Children should be directed by parents and other caregivers to build healthy lifestyle patterns that will help their good health over years. We are mindful that you do not have all the answers as a parent or caregiver. Like many people, you may also be struggling to establish and adhere to your own healthy habits. One way of winning the double battle is to cultivate good lifestyle habits — together!
As a parent, you play a big part in influencing the eating and drinking habits of children. If you make it a habit to eat foods and beverages that are low in added sugars, saturated fat and salt and high in nutrients, the kids you care for may also learn to like these foods. If a kid you care for doesn’t like a new meal at once, don’t get upset. Many times children need to see a new food before they try it.
Be a good role model
As a parent you also influence the physical activity of children. You don’t have to be a professional at any operation. Only get up, walk and show the kids how much fun it can be to be involved. They too might learn to like it. You can set a successful example by walking or riding a bike, rather than watching TV, playing a video game or surfing the internet. Choose an activity you can enjoy and do together.
Think about soundness
Take the time to speak to your children about how a certain diet or physical activity will benefit them while you learn more about how to improve your health. For example, bring your kids with you when you go for a walk, and let them choose the path. Discuss how walking will make you feel better and is a nice way to spend time with each other.Using food and beverage choices made by your kids as teaching moments. Speak in when options are unhealthy. Guide kids to healthy choices or say, “You can have a little of that but not too much.” Speak to them about why an unnecessarily salty or heavily sugared snack isn’t the right choice. Evite makes them feel bad for their choice of food or drink. You may also thank your kids for selecting a healthy element like fruit.
Make sure your child gets ample sleep
Having enough sleep will improve mental, emotional, and physical health for your infant. Not having enough sleep can lead to various health problems including obesity. Find out how many Experts suggest External Link sleep hours for your kids, based on age.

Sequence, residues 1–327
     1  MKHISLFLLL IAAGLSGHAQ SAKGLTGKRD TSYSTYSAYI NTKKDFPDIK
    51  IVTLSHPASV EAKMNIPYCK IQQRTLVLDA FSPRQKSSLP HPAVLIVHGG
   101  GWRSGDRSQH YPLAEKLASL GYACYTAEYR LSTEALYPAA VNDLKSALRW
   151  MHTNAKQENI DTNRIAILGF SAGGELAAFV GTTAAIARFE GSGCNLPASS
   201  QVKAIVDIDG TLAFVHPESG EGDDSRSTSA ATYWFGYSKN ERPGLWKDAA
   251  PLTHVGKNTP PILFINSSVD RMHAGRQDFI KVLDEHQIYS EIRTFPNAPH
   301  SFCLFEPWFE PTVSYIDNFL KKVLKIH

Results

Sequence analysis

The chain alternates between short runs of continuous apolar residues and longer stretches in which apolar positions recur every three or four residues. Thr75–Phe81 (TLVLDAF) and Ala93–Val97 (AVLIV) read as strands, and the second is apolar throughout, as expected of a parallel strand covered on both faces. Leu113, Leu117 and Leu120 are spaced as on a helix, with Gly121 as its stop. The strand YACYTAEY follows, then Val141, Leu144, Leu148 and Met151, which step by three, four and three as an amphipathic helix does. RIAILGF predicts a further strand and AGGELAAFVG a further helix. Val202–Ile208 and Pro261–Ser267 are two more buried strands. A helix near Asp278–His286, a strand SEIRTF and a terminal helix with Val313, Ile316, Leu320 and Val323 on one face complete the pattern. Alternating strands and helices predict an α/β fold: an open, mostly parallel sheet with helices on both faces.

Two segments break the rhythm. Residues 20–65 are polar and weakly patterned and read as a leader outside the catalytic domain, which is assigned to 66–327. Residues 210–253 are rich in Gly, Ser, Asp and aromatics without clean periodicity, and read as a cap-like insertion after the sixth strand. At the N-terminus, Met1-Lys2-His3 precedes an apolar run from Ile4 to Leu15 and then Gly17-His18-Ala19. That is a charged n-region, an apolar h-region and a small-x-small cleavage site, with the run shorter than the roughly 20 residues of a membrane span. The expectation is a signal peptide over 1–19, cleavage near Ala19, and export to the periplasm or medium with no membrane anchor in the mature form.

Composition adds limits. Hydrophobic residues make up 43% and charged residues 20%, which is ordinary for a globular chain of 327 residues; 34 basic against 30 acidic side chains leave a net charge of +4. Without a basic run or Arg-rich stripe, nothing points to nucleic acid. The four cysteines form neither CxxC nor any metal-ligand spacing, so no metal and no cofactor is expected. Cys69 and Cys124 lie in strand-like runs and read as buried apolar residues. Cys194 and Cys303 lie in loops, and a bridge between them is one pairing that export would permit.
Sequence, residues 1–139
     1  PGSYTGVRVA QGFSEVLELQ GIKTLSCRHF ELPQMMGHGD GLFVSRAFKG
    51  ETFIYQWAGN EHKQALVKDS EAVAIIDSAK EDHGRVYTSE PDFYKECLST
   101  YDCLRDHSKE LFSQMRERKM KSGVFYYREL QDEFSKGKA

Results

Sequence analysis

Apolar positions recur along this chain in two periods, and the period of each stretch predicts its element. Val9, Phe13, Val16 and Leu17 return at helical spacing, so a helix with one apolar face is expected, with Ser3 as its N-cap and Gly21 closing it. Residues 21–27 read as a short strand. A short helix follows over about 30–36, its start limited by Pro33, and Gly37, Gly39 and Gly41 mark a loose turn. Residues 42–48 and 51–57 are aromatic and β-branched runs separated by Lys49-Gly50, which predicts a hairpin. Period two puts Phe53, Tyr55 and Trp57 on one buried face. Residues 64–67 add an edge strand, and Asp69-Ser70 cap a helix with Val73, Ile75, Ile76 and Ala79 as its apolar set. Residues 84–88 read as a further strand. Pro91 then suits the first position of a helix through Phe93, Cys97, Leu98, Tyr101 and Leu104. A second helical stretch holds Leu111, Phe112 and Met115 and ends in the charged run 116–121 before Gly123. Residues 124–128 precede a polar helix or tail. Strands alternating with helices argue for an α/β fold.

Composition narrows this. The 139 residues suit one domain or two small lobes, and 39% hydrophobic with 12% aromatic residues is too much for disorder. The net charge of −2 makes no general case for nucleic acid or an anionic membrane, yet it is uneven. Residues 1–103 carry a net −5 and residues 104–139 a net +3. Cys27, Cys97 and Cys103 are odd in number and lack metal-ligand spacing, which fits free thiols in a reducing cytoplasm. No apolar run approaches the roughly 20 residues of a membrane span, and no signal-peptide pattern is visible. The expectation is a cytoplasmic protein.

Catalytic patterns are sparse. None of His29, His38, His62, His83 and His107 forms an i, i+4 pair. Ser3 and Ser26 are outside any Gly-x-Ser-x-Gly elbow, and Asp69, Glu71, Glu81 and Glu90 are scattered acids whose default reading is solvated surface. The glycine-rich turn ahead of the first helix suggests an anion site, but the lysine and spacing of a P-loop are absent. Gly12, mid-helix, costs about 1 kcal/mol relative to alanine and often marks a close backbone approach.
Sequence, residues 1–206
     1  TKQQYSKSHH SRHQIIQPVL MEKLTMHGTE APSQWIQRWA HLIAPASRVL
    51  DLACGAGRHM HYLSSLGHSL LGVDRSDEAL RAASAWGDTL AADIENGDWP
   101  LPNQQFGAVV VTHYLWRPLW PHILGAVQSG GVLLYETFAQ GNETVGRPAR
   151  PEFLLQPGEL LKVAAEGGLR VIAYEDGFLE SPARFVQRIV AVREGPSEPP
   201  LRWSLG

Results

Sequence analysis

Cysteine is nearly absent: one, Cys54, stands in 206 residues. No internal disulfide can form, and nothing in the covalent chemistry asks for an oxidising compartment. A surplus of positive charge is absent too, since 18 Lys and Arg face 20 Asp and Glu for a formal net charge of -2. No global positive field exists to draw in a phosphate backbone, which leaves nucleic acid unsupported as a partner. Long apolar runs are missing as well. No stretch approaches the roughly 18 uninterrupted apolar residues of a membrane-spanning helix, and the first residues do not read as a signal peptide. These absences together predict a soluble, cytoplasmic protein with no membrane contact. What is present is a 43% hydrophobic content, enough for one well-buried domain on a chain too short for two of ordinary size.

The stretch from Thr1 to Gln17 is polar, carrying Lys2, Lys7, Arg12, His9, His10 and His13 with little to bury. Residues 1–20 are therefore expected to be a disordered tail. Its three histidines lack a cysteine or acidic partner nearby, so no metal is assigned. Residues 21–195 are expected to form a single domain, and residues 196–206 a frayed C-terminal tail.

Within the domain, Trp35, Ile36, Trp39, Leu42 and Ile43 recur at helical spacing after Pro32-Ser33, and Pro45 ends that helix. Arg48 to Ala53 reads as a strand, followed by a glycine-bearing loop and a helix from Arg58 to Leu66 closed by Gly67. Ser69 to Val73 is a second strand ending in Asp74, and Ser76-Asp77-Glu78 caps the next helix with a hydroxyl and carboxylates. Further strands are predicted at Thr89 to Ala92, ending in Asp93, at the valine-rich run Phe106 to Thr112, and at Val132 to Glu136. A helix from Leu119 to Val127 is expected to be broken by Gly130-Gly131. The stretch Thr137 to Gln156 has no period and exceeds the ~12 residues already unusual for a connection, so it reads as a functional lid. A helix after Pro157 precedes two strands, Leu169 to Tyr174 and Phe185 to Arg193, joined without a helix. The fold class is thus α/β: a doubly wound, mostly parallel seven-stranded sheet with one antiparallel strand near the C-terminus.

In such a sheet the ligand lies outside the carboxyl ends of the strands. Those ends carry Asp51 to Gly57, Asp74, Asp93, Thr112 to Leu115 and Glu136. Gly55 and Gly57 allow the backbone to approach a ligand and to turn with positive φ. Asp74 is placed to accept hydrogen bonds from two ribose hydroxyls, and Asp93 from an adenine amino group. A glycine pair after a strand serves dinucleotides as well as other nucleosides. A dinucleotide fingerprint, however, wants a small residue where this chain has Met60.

Believe in the force of change
Knowing that eating well and doing more are the building blocks for kid’s health. Join forces to develop safe behaviors.
Promote health beyond your kin
Other adults, too, can play a part in the life of your child. You should share with them ideas about healthy behaviors. Most parents and carers, for example, work outside the home and require someone to assist with childcare. The health patterns of your child that be influenced by family members, day care providers, babysitters or friends. Speak with them to make sure they have nutritious meals, snacks and beverages to sell. Ensure that caregivers still have plenty of productive playtime and limit idle time spent on television, video games, or other devices.
Taking on other influences
Much as they do for you, so too will the interests of your children and the media influence healthy choices. Many advertising, internet, and other commercials seek to convince kids to eat high-fat foods and sugar drinks. You should make your kids feel these stresses. Talk to your kids about options when watching TV, surfing the internet, or taking them to the movies. Discuss how media outlets and influencers sell goods or express ideals through popular athletes, children’s actors, figures of cartoons and action, and pictures made up. Using services and commercials to light up conversations about your beliefs. Such talks will help your child make healthier choices outside of home.
What if my child is overweight or obese?
Overweight children are more likely to become overweight adults. Such children may develop hypertension, type 2 diabetes, and other serious health issues. Weight issues in children can also result in pain, depression and low self-esteem. Since at various times children develop at different levels, it isn’t always easy to tell whether a child is overweight. For example, it’s common for boys to weigh in a growth spurt and catch up later in height.
Ask your health care provider to assess your children, and inform you whether their age and gender are in a safe range. You may also measure the NIH external link for your child’s body mass index (BMI), then address any issues with the healthcare professional for your child. When your doctor advises you your child is weighing more than he or she should, there are ways you can support your child cope with its weight.